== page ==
Do carriers enroll safety consultants/firms into wrap-ups as usual practice?
Lauren from New York, NY
Lauren, though we have had several programs with various carriers who have agreed to include the safety consultant/firm in the wrap-up, I would not consider their inclusion usual practice. Each consultant/firm should be reviewed on an individual basis for loss history, insurability and exposure. The final decision regarding enrollment will ultimately be left in the hands of the carrier.
At the IRMI conference, a broker mentioned that punchlist work should be excluded from the wrap-up. What are the reasons behind this procedure?
Todd from Charlotte, NC
Punchlist work is a very loosely defined term. So, depending upon the scope, timing and amount of work it is possible for punchlist work to be included in the wrap-up. More often than not, it is excluded because it is typically a small volume of work performed at a time when the project is near or at completion. During this time, there is an increased risk for claims due to public exposure, scaled down safety measures and less control of the site. Determination of the intent to provide coverage for punch list work should be made and discussed at the inception of the program and should be identified in the projects wrap-up procedures manual.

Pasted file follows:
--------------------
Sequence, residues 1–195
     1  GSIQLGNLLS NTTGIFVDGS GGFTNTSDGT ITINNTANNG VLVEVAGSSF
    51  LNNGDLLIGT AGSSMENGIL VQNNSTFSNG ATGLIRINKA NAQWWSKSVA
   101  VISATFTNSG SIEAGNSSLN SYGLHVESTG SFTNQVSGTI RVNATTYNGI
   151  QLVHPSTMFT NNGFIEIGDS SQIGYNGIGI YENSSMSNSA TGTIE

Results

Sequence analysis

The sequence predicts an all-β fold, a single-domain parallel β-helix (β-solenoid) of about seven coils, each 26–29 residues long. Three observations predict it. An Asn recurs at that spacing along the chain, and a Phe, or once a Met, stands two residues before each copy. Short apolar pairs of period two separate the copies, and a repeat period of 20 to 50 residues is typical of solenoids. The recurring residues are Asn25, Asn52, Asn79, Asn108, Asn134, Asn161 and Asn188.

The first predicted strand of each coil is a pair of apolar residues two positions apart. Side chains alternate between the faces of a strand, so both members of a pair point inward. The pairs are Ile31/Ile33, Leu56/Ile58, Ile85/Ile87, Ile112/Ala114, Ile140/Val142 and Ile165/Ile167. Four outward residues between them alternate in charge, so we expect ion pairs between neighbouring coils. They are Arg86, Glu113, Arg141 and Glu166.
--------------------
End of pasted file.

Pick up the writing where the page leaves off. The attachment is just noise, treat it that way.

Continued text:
How far past their estimated start date can a contractor be enrolled?
WilliamÂ from Nashville, TN
William, it would vary from carrier to carrier, but you should expect no more than 30 days. Some carriers will backdate beyond that time as long as the contractor submits a letter of No Known Losses; however, other carriers require this letter if an enrollment is received more than 15 days past the start date. Depending upon the location of the project, there may also be fines associated with backdating. As part of our best practices, we require that contractors submit their enrollment information prior to the start of work. This will eliminate any backdating issues.